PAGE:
Shortly after the Chicano Youth Liberation Conference, MEChA was formed with the intent to further Chicanismo and committed to the ideas of “El Plan Espiritual de Aztlan.” The manifesto provided a strategy to establish Chicano Studies Departments within colleges and universities. To achieve this aim, “El Plan Espiritual de Aztlan” called for the unification of all student organizations into one umbrella organization, Movimiento Estudiantil Chicana/o de Aztlan which would become known by the acronym MEChA.

Most social movement organizations last only a few years and that is especially true for student-run organizations. But MEChA has been active on some campuses for nearly fifty years and the organization continues to grow, with more than 500 chapters as of 2012.

In 1969, MEChA was founded in Santa Barbara, California where Chicanos adopted “El Plan de Santa Barbara.” The manifesto provided a strategy to establish Chicano Studies Departments within colleges and universities. By consolidating student’s political power, MEChA became a significant on-campus political force and the name signified a position to challenge social injustices and to reject assimilation through radical activism on-campus and in the community.  

While the student-led organization formed in California, MEChA became a national organization with chapters in junior middle schools, high schools, community colleges, and universities. Yet MEChA’s geographic expansion was rather uneven. From 1969 to 1971, MEChA grew rapidly in California with major centers of activism on campuses in Los Angeles, Santa Barbara, San Diego, and the Riverside-San Bernardino area. Other early chapters were also established in Washington, Oregon, Arizona, Colorado, and Indiana. In these years, new chapters were founded at universities and colleges exclusively.

By the early 1970s, a few MEChA chapters were founded in the East but mainly at Ivy League schools such as Harvard, Yale, and Brown University. MEChA largely remained a West coast organization. Expanding further in the 1980s, MEChA chapters began to appear in community colleges and high schools, but again predominantly in California and especially Southern California.

Surprisingly, the organization did not catch on in Texas. A Mexican American Student Organization (MASO) was active at the University of Texas from 1967 until at least 1972 and students at St. Mary’s College in San Antonio joined MAYO but there are no signs of MEChA chapters or other student groups in Texas until the mid-1980s.

As for Florida and other southern states, we have found no information about any chapters in this part of the country despite the growing Mexican American presence on campuses and in the region’s cities. But if MEChA’s geography was limited, its ability to survive and expand in California and other western states was remarkable. Student organizations rarely last very long. But MEChA has expanded decade by decade.

During the 1990s, MEChA experienced a decade of slow growth yet in the 2000s the organization saw an incredible upsurge of new chapters. High schools students led the charge predominantly within California and likely attributed to the anti-immigration (H.R. 4437) legislation proposed in the mid-2000s. Robert Tijerina Cantu in MEChA Leadership Manual: History, Philosophy & Organizational Strategy (2007) includes an impressive directory of over 100 high school MEChA chapters that we have mapped as part of the project. Much like when MEChA was established, student mobilization has propelled and maintained the organization relevant for nearly fifty years.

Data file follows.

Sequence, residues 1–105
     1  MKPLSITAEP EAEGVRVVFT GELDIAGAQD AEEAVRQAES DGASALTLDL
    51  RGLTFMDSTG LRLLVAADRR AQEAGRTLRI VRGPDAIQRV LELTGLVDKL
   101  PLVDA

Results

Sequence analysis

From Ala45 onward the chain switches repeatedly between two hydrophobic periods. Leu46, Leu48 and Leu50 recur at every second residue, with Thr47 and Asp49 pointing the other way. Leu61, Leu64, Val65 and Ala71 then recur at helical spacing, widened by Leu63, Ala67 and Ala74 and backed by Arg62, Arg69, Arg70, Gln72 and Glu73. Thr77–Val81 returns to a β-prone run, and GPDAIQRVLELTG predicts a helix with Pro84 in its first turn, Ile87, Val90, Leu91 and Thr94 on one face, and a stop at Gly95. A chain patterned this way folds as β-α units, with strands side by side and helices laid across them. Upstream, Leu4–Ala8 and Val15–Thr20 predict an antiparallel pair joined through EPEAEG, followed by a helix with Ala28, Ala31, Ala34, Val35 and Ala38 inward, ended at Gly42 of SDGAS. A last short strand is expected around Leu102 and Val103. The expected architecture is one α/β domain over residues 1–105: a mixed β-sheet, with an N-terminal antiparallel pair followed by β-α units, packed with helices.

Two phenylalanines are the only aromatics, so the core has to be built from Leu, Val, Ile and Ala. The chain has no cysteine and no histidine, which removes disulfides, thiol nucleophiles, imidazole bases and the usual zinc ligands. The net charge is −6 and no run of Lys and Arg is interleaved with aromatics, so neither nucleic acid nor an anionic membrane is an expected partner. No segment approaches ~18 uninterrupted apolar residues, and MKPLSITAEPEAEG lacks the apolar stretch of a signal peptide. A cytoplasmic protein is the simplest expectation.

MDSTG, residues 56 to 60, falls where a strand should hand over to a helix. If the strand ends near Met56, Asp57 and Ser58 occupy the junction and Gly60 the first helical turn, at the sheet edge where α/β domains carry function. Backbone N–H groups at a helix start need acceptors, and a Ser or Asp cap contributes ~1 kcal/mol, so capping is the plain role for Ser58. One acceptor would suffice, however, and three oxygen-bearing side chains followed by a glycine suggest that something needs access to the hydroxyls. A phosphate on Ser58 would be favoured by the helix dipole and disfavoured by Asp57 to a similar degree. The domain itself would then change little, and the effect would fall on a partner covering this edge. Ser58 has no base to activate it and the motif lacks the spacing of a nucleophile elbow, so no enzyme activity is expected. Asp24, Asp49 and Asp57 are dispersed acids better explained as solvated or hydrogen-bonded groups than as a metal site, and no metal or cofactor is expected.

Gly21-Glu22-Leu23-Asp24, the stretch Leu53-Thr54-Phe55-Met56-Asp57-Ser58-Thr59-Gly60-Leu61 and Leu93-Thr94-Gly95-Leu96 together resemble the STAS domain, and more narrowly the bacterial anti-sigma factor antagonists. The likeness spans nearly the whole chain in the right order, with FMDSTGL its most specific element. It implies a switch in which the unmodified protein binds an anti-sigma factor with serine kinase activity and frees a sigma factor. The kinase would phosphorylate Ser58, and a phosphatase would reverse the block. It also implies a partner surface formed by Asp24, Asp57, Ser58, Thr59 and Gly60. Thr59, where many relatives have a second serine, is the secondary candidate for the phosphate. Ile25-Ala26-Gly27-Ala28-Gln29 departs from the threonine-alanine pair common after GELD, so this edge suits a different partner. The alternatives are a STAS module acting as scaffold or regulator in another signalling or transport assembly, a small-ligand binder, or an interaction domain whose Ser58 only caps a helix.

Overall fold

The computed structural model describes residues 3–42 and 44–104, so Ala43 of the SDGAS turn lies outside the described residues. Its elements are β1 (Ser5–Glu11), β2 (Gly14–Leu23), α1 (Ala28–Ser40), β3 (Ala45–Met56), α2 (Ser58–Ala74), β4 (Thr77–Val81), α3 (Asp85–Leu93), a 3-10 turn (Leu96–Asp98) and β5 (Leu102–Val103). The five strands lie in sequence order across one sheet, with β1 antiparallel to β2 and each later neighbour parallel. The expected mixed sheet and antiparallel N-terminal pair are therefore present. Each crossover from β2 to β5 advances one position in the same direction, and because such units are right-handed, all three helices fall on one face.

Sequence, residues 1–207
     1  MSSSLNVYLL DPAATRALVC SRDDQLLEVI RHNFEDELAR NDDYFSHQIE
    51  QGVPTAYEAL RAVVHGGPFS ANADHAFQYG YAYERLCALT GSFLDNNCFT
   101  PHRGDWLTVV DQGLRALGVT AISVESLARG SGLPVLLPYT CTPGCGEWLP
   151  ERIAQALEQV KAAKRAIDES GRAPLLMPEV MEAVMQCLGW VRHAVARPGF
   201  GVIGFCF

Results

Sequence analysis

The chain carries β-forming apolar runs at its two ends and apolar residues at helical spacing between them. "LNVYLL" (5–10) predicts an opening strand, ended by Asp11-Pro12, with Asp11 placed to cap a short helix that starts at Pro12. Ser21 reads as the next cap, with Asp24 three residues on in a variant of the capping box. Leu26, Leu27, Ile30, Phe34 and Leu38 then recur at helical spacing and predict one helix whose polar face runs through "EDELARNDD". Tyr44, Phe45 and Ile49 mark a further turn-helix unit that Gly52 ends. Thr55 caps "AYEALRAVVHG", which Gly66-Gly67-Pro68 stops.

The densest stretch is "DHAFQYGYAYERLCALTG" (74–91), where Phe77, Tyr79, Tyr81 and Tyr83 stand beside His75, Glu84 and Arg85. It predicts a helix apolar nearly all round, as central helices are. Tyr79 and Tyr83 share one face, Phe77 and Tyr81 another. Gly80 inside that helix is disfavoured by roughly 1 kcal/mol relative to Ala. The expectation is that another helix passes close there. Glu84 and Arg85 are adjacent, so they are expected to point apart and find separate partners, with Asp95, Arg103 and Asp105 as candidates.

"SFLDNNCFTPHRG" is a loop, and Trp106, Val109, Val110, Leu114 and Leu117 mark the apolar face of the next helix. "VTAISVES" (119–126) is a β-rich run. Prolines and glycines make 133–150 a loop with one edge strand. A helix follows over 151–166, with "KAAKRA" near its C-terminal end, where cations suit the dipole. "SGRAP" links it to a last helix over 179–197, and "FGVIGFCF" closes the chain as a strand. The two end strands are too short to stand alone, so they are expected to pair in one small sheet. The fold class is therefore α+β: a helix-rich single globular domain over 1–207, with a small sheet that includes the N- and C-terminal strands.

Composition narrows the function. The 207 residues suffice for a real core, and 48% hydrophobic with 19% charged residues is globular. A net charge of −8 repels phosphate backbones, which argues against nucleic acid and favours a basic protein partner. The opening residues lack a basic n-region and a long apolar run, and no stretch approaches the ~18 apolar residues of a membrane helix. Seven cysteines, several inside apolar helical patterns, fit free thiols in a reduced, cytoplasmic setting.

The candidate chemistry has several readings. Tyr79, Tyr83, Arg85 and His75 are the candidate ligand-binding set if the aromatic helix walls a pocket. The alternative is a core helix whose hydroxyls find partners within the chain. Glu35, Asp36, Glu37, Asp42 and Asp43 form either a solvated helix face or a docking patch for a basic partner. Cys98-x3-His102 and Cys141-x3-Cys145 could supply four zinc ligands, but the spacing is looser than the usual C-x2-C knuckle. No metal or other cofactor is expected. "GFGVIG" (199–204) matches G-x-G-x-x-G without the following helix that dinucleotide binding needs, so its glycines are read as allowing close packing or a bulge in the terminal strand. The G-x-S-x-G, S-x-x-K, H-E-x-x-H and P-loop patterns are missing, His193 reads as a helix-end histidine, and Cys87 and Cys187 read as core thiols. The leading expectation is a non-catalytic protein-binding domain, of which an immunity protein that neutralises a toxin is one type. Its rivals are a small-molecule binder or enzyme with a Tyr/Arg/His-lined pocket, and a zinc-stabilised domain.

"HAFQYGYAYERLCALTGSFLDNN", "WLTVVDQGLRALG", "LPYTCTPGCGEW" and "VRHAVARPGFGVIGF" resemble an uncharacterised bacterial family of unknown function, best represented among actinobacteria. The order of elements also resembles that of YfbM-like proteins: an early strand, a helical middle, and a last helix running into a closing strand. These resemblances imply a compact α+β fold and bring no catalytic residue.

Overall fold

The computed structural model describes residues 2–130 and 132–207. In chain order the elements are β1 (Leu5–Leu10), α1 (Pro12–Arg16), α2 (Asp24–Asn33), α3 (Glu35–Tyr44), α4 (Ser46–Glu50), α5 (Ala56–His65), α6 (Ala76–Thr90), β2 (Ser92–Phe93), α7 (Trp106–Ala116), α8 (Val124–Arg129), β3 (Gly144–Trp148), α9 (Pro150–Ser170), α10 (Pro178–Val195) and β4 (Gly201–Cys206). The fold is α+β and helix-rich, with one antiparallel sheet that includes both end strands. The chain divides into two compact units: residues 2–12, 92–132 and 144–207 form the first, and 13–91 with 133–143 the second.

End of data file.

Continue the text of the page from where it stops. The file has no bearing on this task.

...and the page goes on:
Chicano Press

Click to see year-by-year interactive maps locating more than 300 newspapers and periodicals linked to the Chicano Movement 1969-1979

For those inside and outside academic institutions, the Chicano press served as a medium to learn Chicano history, literature, and be informed of current news. Our database has mapped over 300 Spanish language newspapers and periodicals based in both small and large communities. Chicanos at many college campuses also created their own student newspapers. Yet, a significant number of these newspapers ceased publication within a year or two, or merged with other larger publications.

Marc S. Rodriguez in Rethinking the Chicano Movement (2015) provides a multifaceted study of the Chicano movement and demonstrates how newspapers were a crucial medium for the movement. The newspapers linked the core and periphery to create a national Chicano community.  A significant component to the development of this national ethos was the Chicano Press Association.

Established in 1969, the Chicano Press Association tried to foster the growth these new media, arguing that the liberation of Chicano and other people required an active press. Influential beyond its official membership, the CPA represented about twenty newspapers, mostly in California but also in Arizona, New Mexico, Texas, and Florida.  

There was nothing uniform about newspapers, magazines, and journals published during the late 1960s and early 1970s. Some were published by organizations such as the UFW’s El Malcriado and the Brown Beret’s La Causa and Regeneration, others by university student groups like MEChA, still others by independent publishers who created newspapers for particular communities like El Grito del Norte from Denver and Caracol from San Antonio. Collectively the more than 300 periodicals became the primary communication apparatus to circulate ideas, information, and to expand the reach of the Chicano movement.

Further reading: